Presentation 2: Peter Hall   Mapping the intangible

Writing in the 1990s, the critic Fredric Jameson argued that the postmodern condition, with its vast global networks in which we are “caught as individual subjects,” calls for “an aesthetic of cognitive mapping”. Over the subsequent two decades, Jameson’s hypothesis was effectively tested in the wave of cultural activity around mapping, partly enabled by the accessibility of two formerly military technologies: satellite navigation and the internet. Mapping and information visualisation were relinquished from the tight grip of professionals into the spheres of amateur, open source and experimental practice.

More recently, the geographer Jeremy Crampton has analysed contemporary mapping practices, arguing that it is a “field of knowledge and power relations” being pulled in several different directions.  Crampton describes a pull toward ‘securitization’ on one side, countered by ‘resistances’ on the other. ‘Securitization’ emerges from post-war efforts to rid cartography and GIS of any association with art and propaganda and render it ‘post-political’— a position that the resistance side generally finds untenable. The resistance side is characterised by critical cartography, map art and the open source movement; millions of amateurs and novices using hitherto inaccessible mapping technologies to construct a vast ‘geoweb’.

In co-opting former military technologies, the recent wave of locative media practitioners exemplifies an emergence of disruptive, resistant practices. With smart phones, space is annotated and re-stitched together and new networks are galvanised. Drawing from a range of writers and theorists, this presentation explores the functional and fictional possibilities of this activity.

Presentation 3: Paul Granjon   Collaborative Manufacturing Units Against the Black Box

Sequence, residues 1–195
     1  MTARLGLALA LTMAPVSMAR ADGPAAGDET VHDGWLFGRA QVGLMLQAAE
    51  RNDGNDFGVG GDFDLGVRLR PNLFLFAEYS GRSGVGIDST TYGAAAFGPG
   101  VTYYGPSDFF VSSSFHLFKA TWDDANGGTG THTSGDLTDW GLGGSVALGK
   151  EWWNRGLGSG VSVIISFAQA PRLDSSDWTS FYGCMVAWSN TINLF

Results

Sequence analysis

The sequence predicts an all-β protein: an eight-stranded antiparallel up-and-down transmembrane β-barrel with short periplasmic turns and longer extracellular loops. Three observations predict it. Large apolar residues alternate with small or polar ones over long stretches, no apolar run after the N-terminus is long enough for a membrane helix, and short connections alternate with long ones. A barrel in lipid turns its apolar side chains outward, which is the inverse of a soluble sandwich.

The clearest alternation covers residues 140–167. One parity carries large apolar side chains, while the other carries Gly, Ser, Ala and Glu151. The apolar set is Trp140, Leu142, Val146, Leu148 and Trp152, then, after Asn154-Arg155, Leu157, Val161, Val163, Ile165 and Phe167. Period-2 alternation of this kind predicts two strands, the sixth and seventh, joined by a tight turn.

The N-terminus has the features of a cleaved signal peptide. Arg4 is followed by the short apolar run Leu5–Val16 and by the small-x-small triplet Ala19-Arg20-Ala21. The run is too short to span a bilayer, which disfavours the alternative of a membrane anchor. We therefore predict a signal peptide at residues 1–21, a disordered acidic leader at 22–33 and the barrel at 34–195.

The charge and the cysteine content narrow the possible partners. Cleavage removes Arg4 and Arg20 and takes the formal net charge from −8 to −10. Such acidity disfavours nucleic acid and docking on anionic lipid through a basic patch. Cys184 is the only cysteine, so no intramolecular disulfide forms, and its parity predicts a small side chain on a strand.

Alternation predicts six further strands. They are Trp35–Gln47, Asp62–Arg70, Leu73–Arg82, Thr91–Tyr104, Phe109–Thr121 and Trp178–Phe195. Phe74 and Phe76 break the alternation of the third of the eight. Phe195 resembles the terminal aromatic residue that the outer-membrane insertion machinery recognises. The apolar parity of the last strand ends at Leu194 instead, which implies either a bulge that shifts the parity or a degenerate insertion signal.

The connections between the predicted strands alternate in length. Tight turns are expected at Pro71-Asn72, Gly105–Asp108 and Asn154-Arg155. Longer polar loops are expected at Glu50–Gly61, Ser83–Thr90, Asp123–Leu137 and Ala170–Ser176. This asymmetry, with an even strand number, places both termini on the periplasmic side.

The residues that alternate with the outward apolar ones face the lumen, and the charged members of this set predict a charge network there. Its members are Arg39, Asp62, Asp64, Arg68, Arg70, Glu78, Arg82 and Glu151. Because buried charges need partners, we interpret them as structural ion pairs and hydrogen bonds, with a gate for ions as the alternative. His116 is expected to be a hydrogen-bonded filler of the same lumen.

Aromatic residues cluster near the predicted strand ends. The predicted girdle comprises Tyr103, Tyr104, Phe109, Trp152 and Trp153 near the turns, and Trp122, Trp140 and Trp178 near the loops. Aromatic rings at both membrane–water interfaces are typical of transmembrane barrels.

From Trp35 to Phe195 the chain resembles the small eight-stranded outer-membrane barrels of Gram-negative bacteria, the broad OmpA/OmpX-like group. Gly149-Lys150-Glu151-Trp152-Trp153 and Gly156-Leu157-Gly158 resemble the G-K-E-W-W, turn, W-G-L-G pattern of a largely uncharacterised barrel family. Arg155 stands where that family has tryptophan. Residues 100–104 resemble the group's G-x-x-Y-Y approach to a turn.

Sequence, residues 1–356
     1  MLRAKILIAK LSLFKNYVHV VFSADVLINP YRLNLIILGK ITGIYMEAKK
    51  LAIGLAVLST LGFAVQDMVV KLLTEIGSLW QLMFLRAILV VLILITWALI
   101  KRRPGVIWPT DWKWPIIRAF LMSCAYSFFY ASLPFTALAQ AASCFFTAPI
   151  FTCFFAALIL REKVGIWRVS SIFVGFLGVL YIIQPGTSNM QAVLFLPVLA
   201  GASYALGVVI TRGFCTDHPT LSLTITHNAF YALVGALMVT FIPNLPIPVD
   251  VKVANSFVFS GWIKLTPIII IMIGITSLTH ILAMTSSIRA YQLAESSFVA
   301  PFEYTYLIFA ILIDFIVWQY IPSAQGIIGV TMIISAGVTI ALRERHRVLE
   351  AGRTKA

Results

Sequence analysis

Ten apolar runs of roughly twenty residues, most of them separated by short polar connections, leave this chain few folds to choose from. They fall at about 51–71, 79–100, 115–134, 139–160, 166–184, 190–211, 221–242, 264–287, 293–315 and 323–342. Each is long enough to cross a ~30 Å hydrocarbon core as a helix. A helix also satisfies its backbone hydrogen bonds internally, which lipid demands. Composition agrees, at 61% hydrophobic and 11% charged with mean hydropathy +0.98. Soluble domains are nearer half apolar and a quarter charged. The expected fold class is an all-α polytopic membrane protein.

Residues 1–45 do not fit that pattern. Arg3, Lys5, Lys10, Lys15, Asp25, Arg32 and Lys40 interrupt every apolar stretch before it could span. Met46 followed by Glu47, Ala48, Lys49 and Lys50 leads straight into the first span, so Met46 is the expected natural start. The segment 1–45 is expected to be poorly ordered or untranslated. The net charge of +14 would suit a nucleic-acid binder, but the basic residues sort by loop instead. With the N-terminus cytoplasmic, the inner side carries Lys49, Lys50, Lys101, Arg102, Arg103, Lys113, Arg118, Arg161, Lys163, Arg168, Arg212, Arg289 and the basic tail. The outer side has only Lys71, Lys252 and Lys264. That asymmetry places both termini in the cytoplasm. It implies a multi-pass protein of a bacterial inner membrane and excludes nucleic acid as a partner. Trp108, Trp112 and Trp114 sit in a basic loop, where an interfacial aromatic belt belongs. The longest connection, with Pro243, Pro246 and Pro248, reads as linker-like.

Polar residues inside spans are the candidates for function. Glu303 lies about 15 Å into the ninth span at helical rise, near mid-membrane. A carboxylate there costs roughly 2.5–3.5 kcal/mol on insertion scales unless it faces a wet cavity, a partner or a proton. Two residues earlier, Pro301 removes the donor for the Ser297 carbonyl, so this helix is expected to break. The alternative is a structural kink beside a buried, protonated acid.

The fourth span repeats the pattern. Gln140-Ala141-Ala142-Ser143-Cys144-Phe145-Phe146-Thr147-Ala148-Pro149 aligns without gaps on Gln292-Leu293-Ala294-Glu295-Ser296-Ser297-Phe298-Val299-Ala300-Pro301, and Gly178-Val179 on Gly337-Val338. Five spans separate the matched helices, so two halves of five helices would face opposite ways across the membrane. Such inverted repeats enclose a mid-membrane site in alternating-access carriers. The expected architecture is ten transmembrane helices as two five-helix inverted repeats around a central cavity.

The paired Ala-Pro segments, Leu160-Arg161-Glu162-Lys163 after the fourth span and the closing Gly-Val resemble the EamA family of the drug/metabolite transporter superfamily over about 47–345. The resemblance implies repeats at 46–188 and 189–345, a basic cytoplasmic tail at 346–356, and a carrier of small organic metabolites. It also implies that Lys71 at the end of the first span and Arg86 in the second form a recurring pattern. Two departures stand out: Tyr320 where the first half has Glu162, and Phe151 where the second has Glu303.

The pervasiveness of contemporary technology goes hand in hand with opacity. Users generally have little or no knowledge of how the objects and networks they depend on work, becoming black box operators. As a visual artist working with technology, I am investigating ways of reducing this ignorance. I run durational collaborative manufacturing units where technological items are broken and recycled in creative ways. The participants engage in learning, making and sharing an experimental process that disrupts the disempowered consumerist attitude towards technological items. The talk explores some of my projects, as well as recent initiatives by other artists and activists.

Presentation 4: Amanda McDonald Crowley   Open Cultures: cultivating collaboration

“We are a cultural laboratory re-imagining possible futures at the interstices of art, science, nature, and everyday life.” [foam]

Artists are increasingly working in collaborative ways to develop work that moves beyond conventional gallery spaces and into the world, and our lived experience. Through the lens of recent curatorial research into ArtTechFood, Urban Research, and Open Culture, I will look at the history of artist labs as spaces to work creatively and build community. I am especially interested in how artists are currently making significant contributions to open source movements, mapping, sharing, collaboration, DIY, knowledge sharing, and skills transfer to explore open knowledge and build open utopias. What are the possibilities and pitfalls of curating this kind of research and process?